Today I am thrilled to be kicking off the blog tour for Ragnar Jónasson’s The Darkness, the first book in the Hidden Iceland series.
About the author:
Ragnar Jonasson is the award winning author of the international bestselling Dark Iceland series.
His debut Snowblind, first in the Dark Iceland series, went to number one in the Amazon Kindle charts shortly after publication. The book was also a no. 1 Amazon Kindle bestseller in Australia.
The second book in the series, Nightblind, also became a no. 1 Amazon Kindle bestseller in Australia.
Ragnar is the winner of the Mörda Dead Good Reader Award 2016 for Nightblind.
Snowblind was selected by The Independent as one of the best crime novels of 2015 in the UK and it has also been on best seller lists in France.
Rights to the Dark Iceland series have been sold to 14 countries.
TV rights to the series have been sold to production company On the Corner in the UK, producers of Academy Award winning documentary Amy.
Ragnar was born in Reykjavik, Iceland, where he works as a writer and a lawyer. He also teaches copyright law at Reykjavik University and has previously worked on radio and television, including as a TV-news reporter for the Icelandic National Broadcasting Service.
Ragnar is a member of the UK Crime Writers’ Association (CWA).
He is also the co-founder of the Reykjavik international crime writing festival Iceland Noir.
From the age of 17, Ragnar translated 14 Agatha Christie novels into Icelandic.
Ragnar has also had short stories published internationally, including in the distinguished Ellery Queen’s Mystery Magazine in the US, the first stories by an Icelandic author in that magazine.
He has appeared on festival panels worldwide, and lives in Reykjavik.
About the book:
Before Detective Inspector Hulda Hermannsdóttir of the Reykjavik Police is forced into early retirement she is told to investigate a cold case of her choice, and she knows just the one.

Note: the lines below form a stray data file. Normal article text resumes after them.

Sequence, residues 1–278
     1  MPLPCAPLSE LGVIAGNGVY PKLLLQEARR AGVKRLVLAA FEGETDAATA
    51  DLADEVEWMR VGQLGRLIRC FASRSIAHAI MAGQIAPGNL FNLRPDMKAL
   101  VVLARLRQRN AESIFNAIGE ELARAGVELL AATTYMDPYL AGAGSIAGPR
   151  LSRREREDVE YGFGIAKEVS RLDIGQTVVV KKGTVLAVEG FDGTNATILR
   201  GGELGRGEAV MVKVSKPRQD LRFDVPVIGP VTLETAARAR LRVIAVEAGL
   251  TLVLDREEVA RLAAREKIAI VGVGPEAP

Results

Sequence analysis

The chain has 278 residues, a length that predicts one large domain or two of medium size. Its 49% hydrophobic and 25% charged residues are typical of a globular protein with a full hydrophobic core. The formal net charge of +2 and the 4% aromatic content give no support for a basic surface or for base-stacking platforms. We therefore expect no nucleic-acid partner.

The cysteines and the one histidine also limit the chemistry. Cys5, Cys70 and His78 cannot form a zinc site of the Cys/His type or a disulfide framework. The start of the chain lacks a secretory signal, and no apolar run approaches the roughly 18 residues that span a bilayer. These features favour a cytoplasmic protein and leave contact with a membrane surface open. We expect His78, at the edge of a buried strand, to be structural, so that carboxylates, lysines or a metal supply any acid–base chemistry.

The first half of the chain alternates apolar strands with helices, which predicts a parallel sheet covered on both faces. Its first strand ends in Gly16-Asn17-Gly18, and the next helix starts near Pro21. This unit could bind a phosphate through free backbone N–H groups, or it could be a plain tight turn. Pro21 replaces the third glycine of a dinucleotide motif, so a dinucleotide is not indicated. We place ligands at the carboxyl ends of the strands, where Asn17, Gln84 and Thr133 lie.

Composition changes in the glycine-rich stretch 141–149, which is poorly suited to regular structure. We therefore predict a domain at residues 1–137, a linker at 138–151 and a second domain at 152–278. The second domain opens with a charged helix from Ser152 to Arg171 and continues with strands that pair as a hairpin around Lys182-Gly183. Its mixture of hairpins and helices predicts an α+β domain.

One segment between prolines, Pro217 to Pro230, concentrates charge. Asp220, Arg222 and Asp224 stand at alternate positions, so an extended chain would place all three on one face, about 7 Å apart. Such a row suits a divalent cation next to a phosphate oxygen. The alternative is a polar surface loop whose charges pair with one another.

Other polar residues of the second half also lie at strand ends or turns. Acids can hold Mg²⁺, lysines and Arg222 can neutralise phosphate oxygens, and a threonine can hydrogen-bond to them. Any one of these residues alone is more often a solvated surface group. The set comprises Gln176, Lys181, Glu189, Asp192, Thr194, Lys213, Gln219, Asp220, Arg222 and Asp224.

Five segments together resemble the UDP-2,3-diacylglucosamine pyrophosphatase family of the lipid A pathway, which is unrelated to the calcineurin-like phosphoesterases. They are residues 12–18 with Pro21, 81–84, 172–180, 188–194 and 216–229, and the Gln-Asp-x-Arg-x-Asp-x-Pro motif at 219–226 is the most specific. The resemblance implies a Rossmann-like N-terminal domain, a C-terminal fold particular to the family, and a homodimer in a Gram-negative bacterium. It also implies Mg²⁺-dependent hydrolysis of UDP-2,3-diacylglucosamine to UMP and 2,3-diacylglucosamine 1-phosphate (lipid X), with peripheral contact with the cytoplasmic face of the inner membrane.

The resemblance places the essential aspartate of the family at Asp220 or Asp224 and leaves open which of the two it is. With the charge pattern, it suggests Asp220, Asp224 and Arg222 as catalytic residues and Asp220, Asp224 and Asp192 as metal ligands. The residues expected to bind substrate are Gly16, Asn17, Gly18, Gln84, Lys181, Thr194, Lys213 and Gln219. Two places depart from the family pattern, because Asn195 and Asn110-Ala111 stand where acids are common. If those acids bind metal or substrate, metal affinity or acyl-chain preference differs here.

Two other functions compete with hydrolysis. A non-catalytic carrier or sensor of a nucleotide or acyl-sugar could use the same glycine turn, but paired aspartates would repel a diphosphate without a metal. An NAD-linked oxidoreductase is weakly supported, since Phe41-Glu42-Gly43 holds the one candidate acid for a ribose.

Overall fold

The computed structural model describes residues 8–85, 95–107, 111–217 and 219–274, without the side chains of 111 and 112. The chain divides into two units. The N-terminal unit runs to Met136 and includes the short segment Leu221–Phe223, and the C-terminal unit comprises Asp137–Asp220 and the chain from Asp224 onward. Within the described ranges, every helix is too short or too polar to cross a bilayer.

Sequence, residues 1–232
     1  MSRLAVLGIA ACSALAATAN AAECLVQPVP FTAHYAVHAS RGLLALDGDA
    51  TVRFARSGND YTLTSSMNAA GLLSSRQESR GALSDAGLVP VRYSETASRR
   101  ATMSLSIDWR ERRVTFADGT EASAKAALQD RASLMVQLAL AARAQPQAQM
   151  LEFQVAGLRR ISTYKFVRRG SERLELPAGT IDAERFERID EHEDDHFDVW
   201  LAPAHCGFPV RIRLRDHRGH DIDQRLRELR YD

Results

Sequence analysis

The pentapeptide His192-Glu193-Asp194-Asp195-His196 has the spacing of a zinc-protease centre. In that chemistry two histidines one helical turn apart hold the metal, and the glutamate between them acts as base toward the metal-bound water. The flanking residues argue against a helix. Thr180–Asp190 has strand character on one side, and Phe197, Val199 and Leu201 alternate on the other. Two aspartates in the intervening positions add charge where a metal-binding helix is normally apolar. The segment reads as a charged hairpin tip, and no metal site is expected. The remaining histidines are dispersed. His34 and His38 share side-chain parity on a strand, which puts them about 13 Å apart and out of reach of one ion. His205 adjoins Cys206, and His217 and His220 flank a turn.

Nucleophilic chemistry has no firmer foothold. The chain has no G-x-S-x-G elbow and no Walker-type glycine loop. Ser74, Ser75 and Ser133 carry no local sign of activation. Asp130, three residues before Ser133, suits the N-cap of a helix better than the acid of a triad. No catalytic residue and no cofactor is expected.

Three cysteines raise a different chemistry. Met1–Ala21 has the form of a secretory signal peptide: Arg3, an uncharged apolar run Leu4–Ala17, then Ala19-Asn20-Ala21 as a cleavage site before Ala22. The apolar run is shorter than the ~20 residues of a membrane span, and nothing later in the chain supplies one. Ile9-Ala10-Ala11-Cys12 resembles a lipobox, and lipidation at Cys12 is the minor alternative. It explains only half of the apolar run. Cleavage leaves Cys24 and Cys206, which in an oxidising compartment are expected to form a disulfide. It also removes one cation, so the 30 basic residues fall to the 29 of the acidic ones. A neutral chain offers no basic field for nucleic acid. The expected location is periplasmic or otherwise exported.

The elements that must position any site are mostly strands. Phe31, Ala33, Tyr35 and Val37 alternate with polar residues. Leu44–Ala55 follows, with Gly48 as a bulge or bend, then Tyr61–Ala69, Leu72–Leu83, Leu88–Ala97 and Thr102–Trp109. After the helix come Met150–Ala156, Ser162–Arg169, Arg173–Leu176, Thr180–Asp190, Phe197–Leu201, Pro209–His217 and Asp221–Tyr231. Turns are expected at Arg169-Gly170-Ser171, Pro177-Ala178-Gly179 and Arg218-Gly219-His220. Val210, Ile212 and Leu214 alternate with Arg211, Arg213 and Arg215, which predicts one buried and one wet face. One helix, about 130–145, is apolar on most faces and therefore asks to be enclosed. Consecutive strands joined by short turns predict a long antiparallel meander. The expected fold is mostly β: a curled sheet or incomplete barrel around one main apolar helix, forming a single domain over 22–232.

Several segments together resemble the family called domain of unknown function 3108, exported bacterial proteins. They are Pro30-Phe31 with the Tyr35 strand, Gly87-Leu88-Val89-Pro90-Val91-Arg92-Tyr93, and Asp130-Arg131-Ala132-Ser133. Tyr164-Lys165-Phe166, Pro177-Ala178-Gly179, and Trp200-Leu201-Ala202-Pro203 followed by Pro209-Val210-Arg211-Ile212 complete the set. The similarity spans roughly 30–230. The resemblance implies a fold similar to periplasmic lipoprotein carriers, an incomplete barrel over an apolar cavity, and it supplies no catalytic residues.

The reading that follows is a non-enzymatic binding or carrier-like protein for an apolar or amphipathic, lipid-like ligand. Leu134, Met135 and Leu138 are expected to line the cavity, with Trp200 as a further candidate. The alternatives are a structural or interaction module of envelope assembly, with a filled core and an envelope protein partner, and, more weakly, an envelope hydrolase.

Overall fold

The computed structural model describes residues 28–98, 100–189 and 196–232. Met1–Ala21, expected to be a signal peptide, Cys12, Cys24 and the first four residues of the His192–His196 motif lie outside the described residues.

A young woman found dead on remote seaweed-covered rocks. A woman who was looking for asylum and found only a watery grave. Her death ruled a suicide after a cursory investigation.
But Hulda soon realizes that there was something far darker to this case. This was not the only young woman to disappear around that time. And no one is telling the whole story.
When her own force tries to put the brakes on the investigation Hulda has just days to discover the truth. Even if it means risking her own life . . .
Published by Penguin Michael Joseph on March 15th, you can order your copy by clicking the link below:
Regular readers of my blog will know that I am a huge fan of Ragnar Jónasson’s writing, so when I heard we were finally going to meet Hulda Hermansdottir in The Darkness, I jumped at the chance to read it, and I was definitely not disappointed.
Hulda is a Detective in the Reykjavik Police, and at sixty-four, is almost ready to retire. When she takes on the last case of her career, Hulda finds out that all is not what it seems. The case, a cold case, involved a young woman seeking asylum from Russia, who was found murdered on an isolated beach in Vatnsleysuströnd. Hulda thinks that if she can solve this one last case, she’ll go out on a high as she finishes her career, but life is never really that easy.
The Darkness is another fine example of Ragnar Jónasson’s ability to transfer the chilling Icelandic landscape into a character in the book. Unforgiving, dark and more than a little unsettling, I found myself thinking it sounds like a very harsh place to live. But I could easily conjure up the images he created.
Speaking of character, I really enjoyed reading about Hulda. It seems she is a little misunderstood by her colleagues, but when you get a glimpse into her thought processes you see she is lovely, just a bit standoffish. Her gruff demeanour does little to endear her to many of the people around her, but I warmed to her immediately.
By the end of the book, I genuinely didn’t want to have to turn that last page, so I’m really glad this is only the beginning. Or the end, because the books are going in reverse order.
To sum up, for me, The Darkness was a haunting portrait of the Icelandic landscape, with brilliantly drawn characters and a thoroughly chilling plot. It takes the reader on an unexpected journey, and I loved every minute of it.
Highly recommended, as always!
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